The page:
Hello Republic City! For your reading pleasure, here is Pop Torte’s third post-The Legend of Korra roundtable. Book 3 was a huge step up in quality, which contrasted with constant behind-the-scenes drama. Here to discuss are Christy Admiraal, Noel Kirkpatrick, Andy Seroff, Elena…
As noted last night on our blog, via an email from Viggle, Fandom will cease being a thing as of September 30, 2014. The activity feed, and “followers” etc will be removed as well, but you will still be able to share check-ins via Twitter, Facebook, etc.
We don’t know where some of you guys…
This adjective, which means ‘socially inept or unfashionable in a charming or endearing way,’ comes from the hit show New Girl, and was recently inducted into the Collins Dictionary via a Twitter vote.
It’s also the inspiration for this list - the most important and lasting…
More marketing reblogs from me - I had lotsa fun writing this!
Disappointment Intervention: Revisiting the How I Met Your Mother Series Finale
It didn’t take long to come to the conclusion that the HIMYM finale did not go over well with its loyal fans. Then again, lots of superlatives are thrown around when discussing TV shows, leaving the mental image of a legion of Comic Book Guys bluntly declaring “Worst. Finale. Ever.”
The chief complaint from fans is how the show spent many episodes showing great chemistry between Ted and Robin, but proceeded to constantly undermine that underlying arc in order to keep the series going (and the question unanswered). The show’s constant reiteration of the fact that the mother is not Robin, in combination with the amount of “clues” to the mother’s identity - many of which ended up being red herrings - makes it understandable to be frustrated by the show’s eventual answer to the titular question.
Fans of How I Met Your Mother responded to its finale the same way LOST fans responded to “The End”: feeling betrayed by the amount of intriguing complications that were left unanswered. The difference, of course, is that fans of LOST had the right to expect a tightly woven narrative, because that’s exactly what a high-concept serial drama has to offer. How I Met Your Mother wasn’t pulling massive audiences for its mythology - it was always a sitcom, promising nothing more than Neil Patrick Harris and a premise conducive to running jokes.
Over the last two months since the HIMYM finale, the memory of all those betrayed clues has faded out from the overall story - and rightfully so - because ultimately, they were just devices for the episodes they reside in. What persists is the story of Ted, telling hilarious stories about his younger days to his kids, in a setting that makes the premise of telling these stories make sense.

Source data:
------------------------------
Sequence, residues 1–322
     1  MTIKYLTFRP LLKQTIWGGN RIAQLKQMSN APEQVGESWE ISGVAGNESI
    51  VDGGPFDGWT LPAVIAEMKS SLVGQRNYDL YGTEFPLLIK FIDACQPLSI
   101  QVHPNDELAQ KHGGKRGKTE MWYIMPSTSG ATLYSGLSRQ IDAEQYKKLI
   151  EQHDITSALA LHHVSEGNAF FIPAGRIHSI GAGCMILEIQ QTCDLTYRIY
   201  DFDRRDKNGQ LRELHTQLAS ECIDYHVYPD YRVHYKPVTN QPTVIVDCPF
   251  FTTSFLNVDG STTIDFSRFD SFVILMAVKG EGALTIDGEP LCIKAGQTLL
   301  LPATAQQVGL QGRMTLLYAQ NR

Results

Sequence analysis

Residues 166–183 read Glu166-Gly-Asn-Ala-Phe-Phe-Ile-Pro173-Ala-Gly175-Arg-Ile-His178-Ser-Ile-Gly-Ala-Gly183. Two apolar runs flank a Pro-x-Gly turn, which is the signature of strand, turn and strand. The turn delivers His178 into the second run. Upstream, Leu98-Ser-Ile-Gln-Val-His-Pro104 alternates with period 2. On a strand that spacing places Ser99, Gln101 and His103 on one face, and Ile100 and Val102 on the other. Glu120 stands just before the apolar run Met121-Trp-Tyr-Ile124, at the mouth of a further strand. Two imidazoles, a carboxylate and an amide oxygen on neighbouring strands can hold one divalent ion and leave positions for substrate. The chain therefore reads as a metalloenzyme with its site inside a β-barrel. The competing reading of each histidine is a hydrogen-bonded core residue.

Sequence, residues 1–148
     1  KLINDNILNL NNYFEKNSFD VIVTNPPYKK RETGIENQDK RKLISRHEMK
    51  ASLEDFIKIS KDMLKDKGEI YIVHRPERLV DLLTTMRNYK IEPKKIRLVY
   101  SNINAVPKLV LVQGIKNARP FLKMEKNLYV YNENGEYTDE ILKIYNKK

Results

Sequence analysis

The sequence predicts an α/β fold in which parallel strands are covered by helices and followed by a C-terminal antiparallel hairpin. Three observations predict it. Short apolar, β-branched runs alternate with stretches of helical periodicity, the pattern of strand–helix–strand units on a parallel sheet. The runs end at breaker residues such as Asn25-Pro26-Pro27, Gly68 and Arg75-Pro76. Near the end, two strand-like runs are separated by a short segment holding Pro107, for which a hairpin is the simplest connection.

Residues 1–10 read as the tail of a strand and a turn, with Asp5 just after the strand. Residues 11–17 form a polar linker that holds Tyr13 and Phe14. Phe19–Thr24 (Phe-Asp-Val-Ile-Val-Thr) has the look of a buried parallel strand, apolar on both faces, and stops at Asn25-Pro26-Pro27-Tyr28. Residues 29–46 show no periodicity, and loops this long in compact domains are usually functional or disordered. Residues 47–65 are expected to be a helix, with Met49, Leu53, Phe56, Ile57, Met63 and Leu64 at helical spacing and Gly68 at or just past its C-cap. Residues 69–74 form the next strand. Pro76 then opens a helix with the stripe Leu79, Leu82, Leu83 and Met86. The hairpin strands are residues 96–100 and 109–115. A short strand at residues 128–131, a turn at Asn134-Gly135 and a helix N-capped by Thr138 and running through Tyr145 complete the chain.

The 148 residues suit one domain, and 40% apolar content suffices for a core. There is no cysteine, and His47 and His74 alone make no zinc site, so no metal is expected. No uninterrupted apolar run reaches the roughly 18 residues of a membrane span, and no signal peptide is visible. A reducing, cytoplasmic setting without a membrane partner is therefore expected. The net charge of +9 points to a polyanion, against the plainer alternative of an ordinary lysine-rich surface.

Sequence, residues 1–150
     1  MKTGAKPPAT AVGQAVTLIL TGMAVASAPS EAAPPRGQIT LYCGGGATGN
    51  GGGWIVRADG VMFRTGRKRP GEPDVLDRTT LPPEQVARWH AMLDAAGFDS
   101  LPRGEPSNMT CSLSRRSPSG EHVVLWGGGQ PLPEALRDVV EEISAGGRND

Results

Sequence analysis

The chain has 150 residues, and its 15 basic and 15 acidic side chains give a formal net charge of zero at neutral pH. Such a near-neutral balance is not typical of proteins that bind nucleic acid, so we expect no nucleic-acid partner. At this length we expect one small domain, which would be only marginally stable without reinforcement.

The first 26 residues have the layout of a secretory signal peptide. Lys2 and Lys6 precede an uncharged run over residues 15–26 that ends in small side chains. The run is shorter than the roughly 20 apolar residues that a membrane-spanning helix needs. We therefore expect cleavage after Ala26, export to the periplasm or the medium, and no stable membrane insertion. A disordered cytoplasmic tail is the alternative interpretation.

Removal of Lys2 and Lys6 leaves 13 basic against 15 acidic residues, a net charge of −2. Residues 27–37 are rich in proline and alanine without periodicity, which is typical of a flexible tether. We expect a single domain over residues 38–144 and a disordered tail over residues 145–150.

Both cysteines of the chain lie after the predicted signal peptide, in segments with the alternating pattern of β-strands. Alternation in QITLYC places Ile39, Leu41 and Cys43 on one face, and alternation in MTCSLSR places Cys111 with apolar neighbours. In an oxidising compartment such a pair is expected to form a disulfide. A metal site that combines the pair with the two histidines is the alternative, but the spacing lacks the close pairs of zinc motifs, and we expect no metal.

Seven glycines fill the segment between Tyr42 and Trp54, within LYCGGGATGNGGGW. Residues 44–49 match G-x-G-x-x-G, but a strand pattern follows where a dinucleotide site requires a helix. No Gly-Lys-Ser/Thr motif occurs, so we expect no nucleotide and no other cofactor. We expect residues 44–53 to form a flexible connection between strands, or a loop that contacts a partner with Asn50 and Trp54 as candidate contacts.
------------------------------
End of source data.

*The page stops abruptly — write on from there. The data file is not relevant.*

And it doesn’t hurt to see all that chemistry pay off, either.
I wrote this short piece for Dijit, but I am proud of it so it goes here now, too.
Welcome again to Pop Tortes’ annual The Legend of Korra roundtable discussion. Book 2, “Spirits,” was a lot more divisive than the first season, and this year, we have Christy Admiraal, Andy Seroff, and Elena Thrace here to talk about their thoughts and emotions related to the…
Continuing my return into writing about animation, I got the chance to discuss Korra with some TV academics through the internet.
It’s just a really good show so I had to say something. Lotsa heart.
I like to bargain shop with my groceries, because quality roulette is a very low-risk way to stave off the bores of routine. And one thing I like to pick up at my local Grocery Outlet is some sort of snack for next to the computer, and lately that’s meant trail mix. Trail mix is the frugal snack compared to bulk nuts - with expensive cashews or pistachios rare among the far cheaper raisins and peanuts.
So I was in the protein and DVDs section of GrossOut and my eyes spotted a large supply of very large (1.6 lb) cans of nuts with a red cap, towering over other nut packages. Buying in bulk was appealing, given my rate of computer-side snacking, so I check the price - $2.49. That’s a trail mix price for a super-sized can of nuts.
There must be something seriously wrong with these peanuts.Read more
We zoom in from Google Earth to a communal hacker space in Silicon Valley. Within 15 seconds, Nash (Karan Soni) has deemed the workspace “unacceptable” and stomps to the door. And in 15 seconds, we have our first signal to the tone of Betas. The listening to soothing music to try to drown out distractions is real to all of us. But hacker spaces are generally considered to be highly productive environments (though easily mistaken for start-ups, which Nerf gun battles are commonplace). Is this the creators breaking any expectations of realism right off the bat, signalling comedic liberty with elements of start-up life? Or a simple plot contrivance to keep the cast at a low rung of start-up experience, but still signalling to the young, loose workspace of start-ups?